LG:  In addition to reading many books on The Alhambra Decree, the Inquisition, and Columbus, I used all media and avenues to find accurate information such as the libraries, Wikipedia, Sephardic organizations, etc. To understand the country and its people, I traveled to Spain and visited the locales then immersed myself in the lore, legends and beliefs of its people.

JK: You mentioned that you speak Ladino, a form of Spanish mixed with Hebrew words, which is a well preserved link to the way the Sephardim spoke in Spain before the expulsion. It's a historical linguist's dream come true! Did that language skill help your research?

LG:  After the Alhambra Decree exiled the Sephardim from Spain in 1492, they kept their Castilian dialect, called Ladino, in their families for generations. It helped me somewhat to be able to read documents in the Ladino language. Although my entire family spoke the language, Ladino remained an underutilized tongue. It is now being revived in the country of Israel.

JK:  Your book trailers are really well done. Did you do them yourself?

LG:  Thank you Jessica. I don’t have that magical touch to create them myself. I used the professionals Trailer To The Stars for the two book trailers.

JK: When is book three coming out?

LG:  I’m now working on Book Three: The New Haven. It’s scheduled to be published this year.

JK: Congratulations! What would you say to writers who'd like to follow in your footsteps?

LG: There’s always a beginning, a middle, and an end to everything. I was a beginning writer and wrote by fits and spurts. Now I’m lucky enough to be writing full time. As writers we strive to entertain, to inform, and help in any capacity those seeking questions. What motivates me, as well as others, is having the ability to translate our thoughts and be useful with our writing. We may struggle to join the community of published writers in general, but we’re also enjoying the process at the same time. We need to think that our writing has its purpose, and in the end everything else will fall into place.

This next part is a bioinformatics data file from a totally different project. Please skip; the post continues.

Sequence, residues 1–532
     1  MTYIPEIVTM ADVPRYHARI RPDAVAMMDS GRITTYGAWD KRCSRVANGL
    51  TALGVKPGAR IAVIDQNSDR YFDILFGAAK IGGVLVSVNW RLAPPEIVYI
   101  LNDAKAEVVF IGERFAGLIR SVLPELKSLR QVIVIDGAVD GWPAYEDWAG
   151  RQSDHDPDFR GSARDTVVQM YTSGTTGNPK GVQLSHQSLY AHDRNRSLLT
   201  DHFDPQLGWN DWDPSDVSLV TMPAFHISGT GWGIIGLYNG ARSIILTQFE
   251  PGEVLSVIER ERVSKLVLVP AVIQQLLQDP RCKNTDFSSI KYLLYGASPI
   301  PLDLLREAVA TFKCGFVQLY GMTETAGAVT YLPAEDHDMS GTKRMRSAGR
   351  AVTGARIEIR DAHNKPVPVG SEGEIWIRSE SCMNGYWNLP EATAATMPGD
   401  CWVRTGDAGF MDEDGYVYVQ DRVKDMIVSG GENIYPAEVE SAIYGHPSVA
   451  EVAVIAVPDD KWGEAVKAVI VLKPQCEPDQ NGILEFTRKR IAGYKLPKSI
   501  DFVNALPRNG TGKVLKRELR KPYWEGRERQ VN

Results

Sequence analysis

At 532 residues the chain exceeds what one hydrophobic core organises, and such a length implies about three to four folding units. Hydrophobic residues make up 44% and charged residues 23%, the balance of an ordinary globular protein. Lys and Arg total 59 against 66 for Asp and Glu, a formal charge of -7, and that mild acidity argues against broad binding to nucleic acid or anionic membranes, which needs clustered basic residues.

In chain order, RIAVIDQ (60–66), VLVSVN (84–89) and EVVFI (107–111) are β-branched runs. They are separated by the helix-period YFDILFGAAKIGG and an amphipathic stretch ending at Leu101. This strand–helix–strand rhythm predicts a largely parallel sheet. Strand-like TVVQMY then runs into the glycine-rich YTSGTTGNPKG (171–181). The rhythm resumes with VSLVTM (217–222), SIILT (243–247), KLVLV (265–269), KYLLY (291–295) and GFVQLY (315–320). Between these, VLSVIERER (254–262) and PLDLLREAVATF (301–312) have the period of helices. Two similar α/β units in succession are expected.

Another way to motivate us to write is to be inspired by using a banner, a photo or the motto of a famous and prolific writer that quotes in his or her own words why they write. Mine is framed on the wall above my computer and it says:

“Writers help summon people to a vision of human betterment. It is not unnatural for writers to be concerned about the human estate or to deal with those universals of human experience. Their primary goal is to their consciences. They create an awareness not just to things as they are, but as they ought to be.” -- Norman Cousins.

Writer should believe that they have the power to create and be published. That their voices have weight and should be heard. I equate the struggles to writing and being published as being armored with a pen, a saber or lance and fighting for our own personal time to write. Be a soldier for your own cause. Escritura feliz! Happy writing!

JK: Thanks for being on my blog!

LG: Thank you, Jessica, for having me!

Check out Lilian's web site and Amazon author page and follow her on Facebook and Twitter.

Wednesday, June 12, 2013

Alfonso's Last Book

The pictures in my site banner actually come from a single miniature in the Libro de ajedrez, dados y tablas from the workshop of Alfonso X, el Sabio. On the left, scholars have every reason to believe it's Alfonso himself. On the right, his queen, Violante de Aragón. How will I ever change it? What pictures could be better than that most scholarly of medieval kings and his mysterious wife?